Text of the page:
American Literary Scholarship (2009) 2007 (1): 69–96.
Published: 01 September 2009
..., journalism, fiction, public speaking, political activism—through which to engage with and change the world.” Both had “roots in the Enlightenment theories of human liberty and natural law,” and both thought some kind of revo- lutionary change was inevitable, ultimately leading to a nearly common...
Journal Article
American Literary Scholarship (2007) 2005 (1): 3–27.
Published: 01 September 2007
...,” an impor- tant unifying concept between the two philosophers. Saito notes the importance of both “attained and unattained perfection” in Dewey’s thinking, explaining that in texts such as Democracy and Education (1916) and Human Nature and Conduct (1922) Dewey posits ends...
Journal Article
American Literary Scholarship (2004) 2002 (1): 363–397.
Published: 01 September 2004
... in the 1930s and 1940s. Finally, there is abundant evidence of the continuing vitality of multicultural, gender, and gay and lesbian studies, and scholars continue to debate the nature and parameters of ‘‘ecocriticism i Robert Frost Two significant studies of Frost’s poetry concern his preoccupation...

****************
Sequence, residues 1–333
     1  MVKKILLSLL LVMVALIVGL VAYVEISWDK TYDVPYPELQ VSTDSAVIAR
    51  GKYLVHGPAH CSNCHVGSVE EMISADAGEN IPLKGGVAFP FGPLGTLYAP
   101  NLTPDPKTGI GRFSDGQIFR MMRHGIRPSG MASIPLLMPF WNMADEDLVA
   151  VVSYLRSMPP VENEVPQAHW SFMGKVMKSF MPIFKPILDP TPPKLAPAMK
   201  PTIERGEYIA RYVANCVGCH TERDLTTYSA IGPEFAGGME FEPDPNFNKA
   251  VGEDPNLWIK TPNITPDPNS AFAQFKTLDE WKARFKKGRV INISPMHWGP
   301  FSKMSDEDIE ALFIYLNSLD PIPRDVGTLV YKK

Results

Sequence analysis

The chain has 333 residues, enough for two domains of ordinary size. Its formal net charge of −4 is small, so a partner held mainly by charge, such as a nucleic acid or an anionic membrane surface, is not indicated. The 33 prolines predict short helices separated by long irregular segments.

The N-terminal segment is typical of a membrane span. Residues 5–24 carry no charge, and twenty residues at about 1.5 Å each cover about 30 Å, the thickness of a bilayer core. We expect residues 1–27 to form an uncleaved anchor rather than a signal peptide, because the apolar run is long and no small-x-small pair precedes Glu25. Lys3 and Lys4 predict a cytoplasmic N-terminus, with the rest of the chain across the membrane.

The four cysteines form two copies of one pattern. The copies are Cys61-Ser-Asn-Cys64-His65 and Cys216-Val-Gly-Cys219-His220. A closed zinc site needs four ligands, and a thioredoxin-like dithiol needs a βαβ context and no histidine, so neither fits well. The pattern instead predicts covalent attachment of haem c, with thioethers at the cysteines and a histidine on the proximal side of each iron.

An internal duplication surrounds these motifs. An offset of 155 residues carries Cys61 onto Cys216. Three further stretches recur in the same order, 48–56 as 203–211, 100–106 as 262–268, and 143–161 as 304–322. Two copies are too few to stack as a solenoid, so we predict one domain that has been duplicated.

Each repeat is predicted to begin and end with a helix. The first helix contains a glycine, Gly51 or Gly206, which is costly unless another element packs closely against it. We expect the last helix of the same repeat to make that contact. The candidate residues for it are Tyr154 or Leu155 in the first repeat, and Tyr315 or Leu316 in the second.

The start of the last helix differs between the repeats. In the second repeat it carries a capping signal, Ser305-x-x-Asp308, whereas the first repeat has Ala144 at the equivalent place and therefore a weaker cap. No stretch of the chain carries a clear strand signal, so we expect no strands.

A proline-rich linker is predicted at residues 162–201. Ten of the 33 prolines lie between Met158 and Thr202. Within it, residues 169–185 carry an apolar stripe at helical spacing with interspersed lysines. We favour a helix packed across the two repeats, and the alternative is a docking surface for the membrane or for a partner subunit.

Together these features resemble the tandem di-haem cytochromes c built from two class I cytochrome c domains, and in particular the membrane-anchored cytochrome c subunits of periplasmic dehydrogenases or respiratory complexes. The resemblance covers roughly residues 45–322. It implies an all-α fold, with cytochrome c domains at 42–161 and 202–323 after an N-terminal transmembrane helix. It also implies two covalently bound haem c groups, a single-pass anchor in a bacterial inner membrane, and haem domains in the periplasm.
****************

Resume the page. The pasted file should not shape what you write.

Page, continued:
Journal Article
American Literary Scholarship (2004) 2002 (1): 425–441.
Published: 01 September 2004
... Reconstruction a√ord Crane a good deal of material to investigate. The nature of race and its relation to American citizenship naturally play a central role here, as do the implica- tions of di√erence generally considered. If the various kinds of di√erence are underwritten by a power beyond the realm...
Journal Article
American Literary Scholarship (2009) 2007 (1): 3–34.
Published: 01 September 2009
... in a remarkably creative and far-sighted fusion of natural history and ethical theory. Jeffrey S. Cramer’s I to Myself: An Annotated Selection from the Journal of Henry D. Thoreau (Yale) provides a generous selection from Thoreau’s Journal, with extensive annotations. Cramer draws from the 1906 Houghton...